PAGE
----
A whole world of biomass floats in the boogers of a whale’s exhaust, and it’s a biologist’s dream to explore it. Whale snot carries everything from DNA samples to hormone signatures. But getting close enough to a surfacing whale for long enough to actually sample this snot turns out to be a nightmare when done by boat. Researcher [Iain Kerr] and a team from Olin College of Engineering thought, why not use a drone instead? Behold, the Snotbot was born!
Snotbot is essentially a petri-dish-equipped commercial drone that users can pilot into the exhaust of a whale to collect samples before the cetacean dives back under. After 7 missions and over 500 collected samples, Snotbot is putting-to-rest years of frustration from researchers anticipating their next chance for a shot of snot. Along the way, the team have also leveraged it to image the whale’s fluke (a fingerprint equivalent), drop underwater mics, and collect poo samples. As opposed to darts, Snotbot is non-invasive, and the whales don’t seem to mind (or even notice) who’s downstream of their boogers.
Drones are almost ubiquitous at this point in our lives–to the point where they now fall under regulations by the US government. With so many of us building our own drones at home, it’s wonderful to see groups starting to ask the next question: cool drone; now what? With reliable drones at prices that are within reach for the everyday citizen, we’re excited that we will see dozens of applications that leverage this new skyward-bound platform over the coming years. If you can’t wait, have a quick look back in time, where drones are doing maritime deliveries and blowing up debris.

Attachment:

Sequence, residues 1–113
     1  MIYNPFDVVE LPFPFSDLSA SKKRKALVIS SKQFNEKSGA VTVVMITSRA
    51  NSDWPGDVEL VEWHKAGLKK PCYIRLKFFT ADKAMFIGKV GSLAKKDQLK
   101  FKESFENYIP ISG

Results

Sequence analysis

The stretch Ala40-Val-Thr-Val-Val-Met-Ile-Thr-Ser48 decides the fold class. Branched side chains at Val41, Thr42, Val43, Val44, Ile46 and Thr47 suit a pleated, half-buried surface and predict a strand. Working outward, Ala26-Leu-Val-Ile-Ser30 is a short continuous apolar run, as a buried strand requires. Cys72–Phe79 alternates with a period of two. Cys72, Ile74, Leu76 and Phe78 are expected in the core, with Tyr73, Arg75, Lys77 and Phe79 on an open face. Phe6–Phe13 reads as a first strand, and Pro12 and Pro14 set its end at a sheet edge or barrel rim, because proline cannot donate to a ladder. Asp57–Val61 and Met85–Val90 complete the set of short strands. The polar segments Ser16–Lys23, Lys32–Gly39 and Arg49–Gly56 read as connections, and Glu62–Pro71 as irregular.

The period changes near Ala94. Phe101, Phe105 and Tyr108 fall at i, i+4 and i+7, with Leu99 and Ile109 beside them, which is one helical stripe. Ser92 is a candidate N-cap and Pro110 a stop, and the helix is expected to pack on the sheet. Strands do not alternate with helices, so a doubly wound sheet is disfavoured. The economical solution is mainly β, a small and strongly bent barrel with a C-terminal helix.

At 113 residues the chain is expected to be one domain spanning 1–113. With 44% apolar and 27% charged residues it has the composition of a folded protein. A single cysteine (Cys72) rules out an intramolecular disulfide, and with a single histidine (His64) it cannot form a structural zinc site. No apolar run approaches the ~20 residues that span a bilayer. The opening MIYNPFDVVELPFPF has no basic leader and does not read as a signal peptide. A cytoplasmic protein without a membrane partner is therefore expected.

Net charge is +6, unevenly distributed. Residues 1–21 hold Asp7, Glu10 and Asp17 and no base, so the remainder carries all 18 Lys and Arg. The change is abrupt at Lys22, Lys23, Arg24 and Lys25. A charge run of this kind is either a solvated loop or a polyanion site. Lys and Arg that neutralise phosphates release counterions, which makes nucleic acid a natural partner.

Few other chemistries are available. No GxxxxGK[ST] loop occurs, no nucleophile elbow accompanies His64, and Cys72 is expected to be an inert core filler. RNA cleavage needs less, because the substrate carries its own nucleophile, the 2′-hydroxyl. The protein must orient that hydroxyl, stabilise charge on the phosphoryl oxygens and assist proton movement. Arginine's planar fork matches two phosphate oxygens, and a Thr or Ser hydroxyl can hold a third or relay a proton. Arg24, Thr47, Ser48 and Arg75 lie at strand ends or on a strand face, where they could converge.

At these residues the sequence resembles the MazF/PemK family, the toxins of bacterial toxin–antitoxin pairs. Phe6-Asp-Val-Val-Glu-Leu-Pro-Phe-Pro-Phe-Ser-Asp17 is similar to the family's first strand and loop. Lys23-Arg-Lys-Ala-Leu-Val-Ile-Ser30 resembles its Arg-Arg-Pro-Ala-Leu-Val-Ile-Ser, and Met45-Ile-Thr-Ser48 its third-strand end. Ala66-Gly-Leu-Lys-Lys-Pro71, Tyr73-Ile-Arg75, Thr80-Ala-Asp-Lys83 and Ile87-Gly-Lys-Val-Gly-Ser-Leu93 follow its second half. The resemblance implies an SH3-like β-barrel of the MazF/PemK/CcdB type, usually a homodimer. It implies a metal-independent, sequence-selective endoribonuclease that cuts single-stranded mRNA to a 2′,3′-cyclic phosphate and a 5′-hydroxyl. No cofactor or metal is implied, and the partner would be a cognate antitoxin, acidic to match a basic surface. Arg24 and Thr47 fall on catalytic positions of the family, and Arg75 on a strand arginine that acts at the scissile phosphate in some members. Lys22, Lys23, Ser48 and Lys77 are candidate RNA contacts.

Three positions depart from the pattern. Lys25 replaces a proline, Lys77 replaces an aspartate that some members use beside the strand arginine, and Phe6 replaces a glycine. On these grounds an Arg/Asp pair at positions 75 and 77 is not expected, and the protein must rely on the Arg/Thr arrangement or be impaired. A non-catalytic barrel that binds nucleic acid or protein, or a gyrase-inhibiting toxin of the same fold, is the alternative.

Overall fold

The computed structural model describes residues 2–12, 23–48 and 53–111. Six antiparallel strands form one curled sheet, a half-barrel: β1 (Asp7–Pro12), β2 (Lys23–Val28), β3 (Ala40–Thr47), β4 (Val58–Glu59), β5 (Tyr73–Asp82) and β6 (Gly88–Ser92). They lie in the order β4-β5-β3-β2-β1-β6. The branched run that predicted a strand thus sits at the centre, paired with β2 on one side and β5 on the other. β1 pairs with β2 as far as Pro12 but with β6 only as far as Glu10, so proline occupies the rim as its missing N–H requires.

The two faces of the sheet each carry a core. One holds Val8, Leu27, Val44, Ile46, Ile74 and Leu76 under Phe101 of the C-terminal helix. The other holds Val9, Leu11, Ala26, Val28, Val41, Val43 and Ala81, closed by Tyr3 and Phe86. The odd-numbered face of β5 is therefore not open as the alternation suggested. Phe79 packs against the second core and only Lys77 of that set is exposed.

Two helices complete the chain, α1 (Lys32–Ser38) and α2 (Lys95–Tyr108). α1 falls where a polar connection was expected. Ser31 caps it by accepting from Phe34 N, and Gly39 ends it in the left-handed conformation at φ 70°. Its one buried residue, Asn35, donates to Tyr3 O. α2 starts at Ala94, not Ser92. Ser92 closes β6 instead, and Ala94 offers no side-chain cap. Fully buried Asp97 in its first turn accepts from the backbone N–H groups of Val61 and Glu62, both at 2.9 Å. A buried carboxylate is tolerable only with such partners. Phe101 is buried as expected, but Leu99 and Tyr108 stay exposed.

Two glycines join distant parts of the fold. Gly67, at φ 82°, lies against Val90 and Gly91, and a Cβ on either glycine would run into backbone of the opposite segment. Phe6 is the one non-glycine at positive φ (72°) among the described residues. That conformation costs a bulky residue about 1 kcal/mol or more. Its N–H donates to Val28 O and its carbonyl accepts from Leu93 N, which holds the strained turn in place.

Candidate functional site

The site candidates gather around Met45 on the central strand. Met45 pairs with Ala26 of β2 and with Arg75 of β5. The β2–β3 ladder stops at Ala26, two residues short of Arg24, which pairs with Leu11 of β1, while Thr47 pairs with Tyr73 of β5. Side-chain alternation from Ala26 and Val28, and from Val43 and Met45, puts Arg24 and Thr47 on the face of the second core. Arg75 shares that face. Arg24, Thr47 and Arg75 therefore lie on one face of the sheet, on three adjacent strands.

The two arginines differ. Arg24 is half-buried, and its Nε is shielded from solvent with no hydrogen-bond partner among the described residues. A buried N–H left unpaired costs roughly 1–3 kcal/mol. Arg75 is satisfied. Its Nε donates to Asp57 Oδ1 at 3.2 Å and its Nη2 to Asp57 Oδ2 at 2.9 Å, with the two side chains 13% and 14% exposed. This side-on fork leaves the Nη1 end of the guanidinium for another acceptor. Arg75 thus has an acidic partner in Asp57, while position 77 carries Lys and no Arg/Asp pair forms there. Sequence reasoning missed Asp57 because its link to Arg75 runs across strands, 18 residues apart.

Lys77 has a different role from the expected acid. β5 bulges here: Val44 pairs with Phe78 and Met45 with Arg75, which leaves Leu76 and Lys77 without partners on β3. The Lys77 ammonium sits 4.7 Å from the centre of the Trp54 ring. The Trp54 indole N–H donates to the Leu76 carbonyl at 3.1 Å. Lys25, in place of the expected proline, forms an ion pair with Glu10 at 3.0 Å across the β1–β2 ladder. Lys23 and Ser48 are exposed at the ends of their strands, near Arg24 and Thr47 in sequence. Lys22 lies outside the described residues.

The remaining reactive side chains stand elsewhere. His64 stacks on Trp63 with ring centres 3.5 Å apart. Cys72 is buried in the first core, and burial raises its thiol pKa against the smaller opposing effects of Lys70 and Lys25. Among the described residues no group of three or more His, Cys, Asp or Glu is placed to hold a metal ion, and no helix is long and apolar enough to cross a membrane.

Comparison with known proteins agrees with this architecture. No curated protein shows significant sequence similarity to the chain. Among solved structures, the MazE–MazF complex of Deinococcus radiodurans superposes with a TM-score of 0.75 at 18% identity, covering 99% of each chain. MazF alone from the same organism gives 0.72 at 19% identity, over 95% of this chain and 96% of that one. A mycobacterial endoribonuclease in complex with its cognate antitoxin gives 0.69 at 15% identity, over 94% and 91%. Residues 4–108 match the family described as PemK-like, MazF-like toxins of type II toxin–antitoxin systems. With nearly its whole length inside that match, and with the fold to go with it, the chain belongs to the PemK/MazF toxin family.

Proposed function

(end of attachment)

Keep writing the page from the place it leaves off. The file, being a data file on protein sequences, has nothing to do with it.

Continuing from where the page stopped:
5 thoughts on “Hanky-Deprived Drones Taste Whale Snot For Science”
Do they give Pulitzers for titles?
Good idea for sample collection and the like.
Surely that drone would be safer all round with a guard around the props. Although whale skin is tough their eyes are not and accidents happen all too often, its a really basic risk assessment issue – hmm…
Egon, your mucus…
If that amazes you guess what “ambergris” is and how the commercial industry uses it in very expensive things your mom or wife may use without knowing where it came from. Ugh!
Just saw an item on TV about the Belgians using a plane to fly over ships to sniff their exhaust and determine what fuel they use and if it’s approved fuel.
But I think to do that with a drone you’d need a Reaper or something that can stay in the air for a long time. But having said that a drone like that might still be cheaper than a regular plane and crew. And have longer shift, it’s scary how long some of those big drones can stay in the air.
On the other hand, I’d rather see a plane come by than a military drone, make you feel kinder towards humanity, even if they have the same function.
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